My nephew Robert turned up in Athens one summer in the company of a large group of fellow students. They did the usual sights in the city, photographed the Acropolis, ate in the Plaka and managed a day trip to Hydra where they dived off the rocks, and, some of them being Water Babies from Dover, swam for miles and generally had an agreeable time.
Back in Athens it was Saturday evening, and plans were being made for the usual Sunday lunch outing to Marathon, under Spiros’ command, with whomever wanted to come. Happily, they all did, which however posed a bit of a problem as there were over 20 of them and we had just two cars.
Robert and I were standing outside the Old Stadium, home of the early Olympic Games and home to the archery at the 2004 Olympics. We were discussing how to get 30 of us to Marathon. Obviously quite a few of them would have to take the bus. Robert then asked a perfectly natural question.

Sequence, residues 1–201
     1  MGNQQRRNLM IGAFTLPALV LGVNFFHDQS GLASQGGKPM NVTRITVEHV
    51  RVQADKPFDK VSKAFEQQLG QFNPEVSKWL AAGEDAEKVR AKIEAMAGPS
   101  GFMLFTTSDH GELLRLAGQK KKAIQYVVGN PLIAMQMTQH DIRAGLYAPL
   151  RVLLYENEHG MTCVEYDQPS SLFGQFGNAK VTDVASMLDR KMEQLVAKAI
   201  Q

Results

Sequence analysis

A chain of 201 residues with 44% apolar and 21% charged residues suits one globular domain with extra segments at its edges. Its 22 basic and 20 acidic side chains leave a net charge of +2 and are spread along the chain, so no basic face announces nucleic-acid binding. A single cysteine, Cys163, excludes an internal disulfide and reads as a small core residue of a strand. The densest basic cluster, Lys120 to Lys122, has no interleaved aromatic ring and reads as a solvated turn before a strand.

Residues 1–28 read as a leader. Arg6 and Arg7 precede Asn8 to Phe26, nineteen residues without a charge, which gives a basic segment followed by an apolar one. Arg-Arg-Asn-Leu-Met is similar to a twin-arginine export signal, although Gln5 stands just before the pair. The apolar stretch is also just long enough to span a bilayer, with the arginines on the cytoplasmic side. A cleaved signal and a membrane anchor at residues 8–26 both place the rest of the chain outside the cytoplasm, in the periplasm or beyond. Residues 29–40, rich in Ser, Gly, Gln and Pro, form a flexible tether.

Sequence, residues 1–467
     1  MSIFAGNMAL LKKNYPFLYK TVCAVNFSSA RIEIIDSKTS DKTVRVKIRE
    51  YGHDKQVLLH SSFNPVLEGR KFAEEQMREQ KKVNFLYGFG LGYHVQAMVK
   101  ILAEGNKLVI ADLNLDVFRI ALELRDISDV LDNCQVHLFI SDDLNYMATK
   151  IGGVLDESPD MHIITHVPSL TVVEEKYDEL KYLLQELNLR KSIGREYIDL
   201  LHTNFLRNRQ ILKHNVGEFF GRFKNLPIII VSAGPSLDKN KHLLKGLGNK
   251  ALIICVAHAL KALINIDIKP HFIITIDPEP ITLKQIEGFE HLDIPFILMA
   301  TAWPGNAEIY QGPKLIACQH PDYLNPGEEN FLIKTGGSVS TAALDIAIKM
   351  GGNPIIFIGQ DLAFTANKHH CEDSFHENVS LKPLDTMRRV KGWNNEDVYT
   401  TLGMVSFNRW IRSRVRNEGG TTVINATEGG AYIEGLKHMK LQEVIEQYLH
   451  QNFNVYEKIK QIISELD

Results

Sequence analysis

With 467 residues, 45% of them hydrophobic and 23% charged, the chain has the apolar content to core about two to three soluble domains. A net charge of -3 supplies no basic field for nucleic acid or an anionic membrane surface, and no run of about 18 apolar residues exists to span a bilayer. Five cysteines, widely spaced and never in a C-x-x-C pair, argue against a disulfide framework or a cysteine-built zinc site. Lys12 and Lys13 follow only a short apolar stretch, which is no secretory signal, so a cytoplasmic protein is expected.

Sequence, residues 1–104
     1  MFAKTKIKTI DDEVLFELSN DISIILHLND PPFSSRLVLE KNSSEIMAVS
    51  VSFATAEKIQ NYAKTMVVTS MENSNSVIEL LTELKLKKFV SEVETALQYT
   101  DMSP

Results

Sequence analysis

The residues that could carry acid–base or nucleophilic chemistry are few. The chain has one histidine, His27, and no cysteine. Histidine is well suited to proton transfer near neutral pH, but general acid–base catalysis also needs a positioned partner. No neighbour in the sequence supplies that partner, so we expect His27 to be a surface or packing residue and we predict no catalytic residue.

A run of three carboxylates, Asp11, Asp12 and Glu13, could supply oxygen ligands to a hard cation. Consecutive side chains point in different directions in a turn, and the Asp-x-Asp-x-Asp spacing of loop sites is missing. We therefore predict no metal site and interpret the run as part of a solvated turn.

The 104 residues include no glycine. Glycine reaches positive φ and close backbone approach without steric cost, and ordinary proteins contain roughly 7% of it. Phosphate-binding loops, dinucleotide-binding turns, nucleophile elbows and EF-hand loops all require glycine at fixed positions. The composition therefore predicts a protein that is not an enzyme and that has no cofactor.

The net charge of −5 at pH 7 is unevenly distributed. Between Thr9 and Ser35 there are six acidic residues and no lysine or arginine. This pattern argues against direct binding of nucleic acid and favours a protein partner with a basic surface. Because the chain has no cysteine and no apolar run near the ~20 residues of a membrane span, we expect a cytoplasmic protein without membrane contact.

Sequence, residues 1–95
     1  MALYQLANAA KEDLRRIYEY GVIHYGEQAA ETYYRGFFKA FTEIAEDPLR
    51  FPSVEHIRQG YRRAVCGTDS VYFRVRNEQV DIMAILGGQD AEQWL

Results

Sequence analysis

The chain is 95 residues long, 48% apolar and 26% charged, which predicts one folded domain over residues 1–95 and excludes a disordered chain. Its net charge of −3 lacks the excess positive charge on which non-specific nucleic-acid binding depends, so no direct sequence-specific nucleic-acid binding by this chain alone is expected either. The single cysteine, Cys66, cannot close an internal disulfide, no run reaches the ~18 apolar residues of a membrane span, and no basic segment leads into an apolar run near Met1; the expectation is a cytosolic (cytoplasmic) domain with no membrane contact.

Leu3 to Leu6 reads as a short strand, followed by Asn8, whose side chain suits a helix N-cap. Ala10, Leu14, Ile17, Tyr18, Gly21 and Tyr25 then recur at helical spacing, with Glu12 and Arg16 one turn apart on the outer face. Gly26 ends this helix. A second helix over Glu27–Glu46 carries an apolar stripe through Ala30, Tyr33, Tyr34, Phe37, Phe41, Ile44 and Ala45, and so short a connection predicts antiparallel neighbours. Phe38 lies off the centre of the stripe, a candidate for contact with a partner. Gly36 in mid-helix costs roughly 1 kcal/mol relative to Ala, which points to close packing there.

‘OK, we’ve checked on the buses, so how far is it to Marathon, anyway?’
‘Think about that question, Robert. You know the answer.’
‘Of course. Silly question.’
The day was a success although Spiros and Koula were distraught at not being able to pay for the lunch of 20 plus visitors, a natural Greek reaction. Instead they provided the after lunch fruit, and most of the drinks. Happily, the students were having a raucous, jolly time in the Marathon beach taverna, but did not sit around for long with the warm blue sea beckoning just a few metres away. Much to our bewilderment they declined the third litre of wine and went swimming again instead. One can only hope they’ll learn.
The Oldies, by their standards anyway, hung on in the taverna, sang a bit and then started out for home – I would say, off the top of my head, about 26 miles and 385 yards or 42.195 kms away. The young people followed by bus, having enjoyed a swim, a taverna lunch, and a mercifully short lecture on Greek history by Spiros.